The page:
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The publishing of new editions is intended to increase sales, period. By releasing a new edition of a game the publisher hopes to sell the game to the owners of the previous edition as an "upgrade" in addition to any new sales they would have made by just reprinting the original game.

Labeling a game as a new edition is an attempt to say to owners of the original: "This is not just a different game, it is a *better* game".

Richard
 
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TuringTest wrote:
The publishing of new editions is intended to increase sales, period. By releasing a new edition of a game the publisher hopes to sell the game to the owners of the previous edition as an "upgrade" in addition to any new sales they would have made by just reprinting the original game.

Labeling a game as a new edition is an attempt to say to owners of the original: "This is not just a different game, it is a *better* game".

Richard


Obviously. This is a poor business tactic in my own experience because it forcibly removes the market for a pre-existing product rather than ADDING sales of the new product TO those of the old product.

My point is made and those to whom the open letter was addressed can see it.

As for whining to save face about how what I initially said WAS a "proposal", i'll say only bull s---. I put out a letter saying to whom it was addressed identifying a market for a pre-existing product. How they addressed that market is their business. I've been doing business in one manner or another for a few decades. The only time I've told a company how to supply what I wanted or had in mind was when i worked for that company. I just came to them with want I wanted, asked if they could do it and for how much. If they could, we negotiated details and price. If not, I went to somebody who could supply what I wanted/needed. Expecting anyone who posts to propose a detailed business model is silly. This is a games website and I said to the sellers, "HEY!! I want to buy!" The rest is up to them-- full stop.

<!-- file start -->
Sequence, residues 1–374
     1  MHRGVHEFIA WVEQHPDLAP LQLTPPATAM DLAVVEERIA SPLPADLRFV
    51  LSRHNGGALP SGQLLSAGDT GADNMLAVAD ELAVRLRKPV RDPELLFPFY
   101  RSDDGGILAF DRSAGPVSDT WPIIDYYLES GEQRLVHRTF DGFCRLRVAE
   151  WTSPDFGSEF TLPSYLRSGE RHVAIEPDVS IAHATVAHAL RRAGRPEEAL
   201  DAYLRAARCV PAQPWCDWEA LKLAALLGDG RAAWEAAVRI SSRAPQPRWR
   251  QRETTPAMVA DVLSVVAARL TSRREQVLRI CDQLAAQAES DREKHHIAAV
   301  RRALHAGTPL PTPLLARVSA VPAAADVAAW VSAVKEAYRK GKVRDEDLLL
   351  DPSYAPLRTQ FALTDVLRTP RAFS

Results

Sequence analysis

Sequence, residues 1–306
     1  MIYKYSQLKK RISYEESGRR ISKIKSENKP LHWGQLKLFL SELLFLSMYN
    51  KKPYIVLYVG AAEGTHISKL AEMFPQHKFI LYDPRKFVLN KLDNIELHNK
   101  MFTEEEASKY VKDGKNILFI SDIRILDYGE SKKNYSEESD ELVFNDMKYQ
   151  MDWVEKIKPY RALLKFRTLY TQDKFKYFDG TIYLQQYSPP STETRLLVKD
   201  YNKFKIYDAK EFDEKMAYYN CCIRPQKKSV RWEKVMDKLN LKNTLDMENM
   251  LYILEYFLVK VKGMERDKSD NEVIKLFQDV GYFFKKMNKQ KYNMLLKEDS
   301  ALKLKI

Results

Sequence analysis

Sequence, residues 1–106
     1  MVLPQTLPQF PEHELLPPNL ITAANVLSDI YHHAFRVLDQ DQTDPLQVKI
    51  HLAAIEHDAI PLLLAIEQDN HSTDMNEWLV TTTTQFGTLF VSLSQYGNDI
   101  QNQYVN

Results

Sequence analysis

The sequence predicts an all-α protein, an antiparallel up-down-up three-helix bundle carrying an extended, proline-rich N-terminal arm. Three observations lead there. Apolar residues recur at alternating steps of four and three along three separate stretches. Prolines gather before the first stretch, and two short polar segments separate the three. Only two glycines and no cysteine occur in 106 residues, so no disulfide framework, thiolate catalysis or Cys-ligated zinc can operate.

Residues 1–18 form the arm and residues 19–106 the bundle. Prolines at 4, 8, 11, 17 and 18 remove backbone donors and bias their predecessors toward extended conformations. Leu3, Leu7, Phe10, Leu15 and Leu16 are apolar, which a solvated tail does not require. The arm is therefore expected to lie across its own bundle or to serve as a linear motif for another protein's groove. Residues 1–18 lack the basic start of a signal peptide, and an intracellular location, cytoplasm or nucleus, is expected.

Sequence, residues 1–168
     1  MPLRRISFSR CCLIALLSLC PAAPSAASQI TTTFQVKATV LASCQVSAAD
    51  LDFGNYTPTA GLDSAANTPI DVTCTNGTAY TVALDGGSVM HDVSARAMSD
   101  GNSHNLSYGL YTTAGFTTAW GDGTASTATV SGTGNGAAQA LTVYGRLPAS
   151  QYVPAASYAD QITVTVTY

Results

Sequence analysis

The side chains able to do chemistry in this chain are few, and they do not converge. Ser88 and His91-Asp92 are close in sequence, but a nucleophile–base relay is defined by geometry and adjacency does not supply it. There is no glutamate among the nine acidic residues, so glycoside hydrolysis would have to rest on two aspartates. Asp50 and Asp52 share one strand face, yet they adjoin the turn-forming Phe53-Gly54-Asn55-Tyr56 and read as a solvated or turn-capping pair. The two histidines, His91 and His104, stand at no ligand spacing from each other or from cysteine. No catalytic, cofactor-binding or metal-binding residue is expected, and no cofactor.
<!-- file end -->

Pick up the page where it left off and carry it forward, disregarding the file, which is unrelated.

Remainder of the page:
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Martin Rundkvist
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I'm reminded of the role-playing game market. Publishers of a popular RPG system will rarely let more than three years go by without issuing a new version of the basic rule kit. This is because active players who own one version of the rules will not only buy adventure and campaign settings for it, they will also for some reason buy every new rule kit.

Though I suspect many RPGers buy stuff just to read it.
 
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Stephen Shaw
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whac3 wrote:

People like me who like good games above new games are the ones who will buy your products year after year.


Um, nope. Its the people that like the newer games that will buy new products year after year, pretty much by definition. Hence, your problem, or at least your perception of one.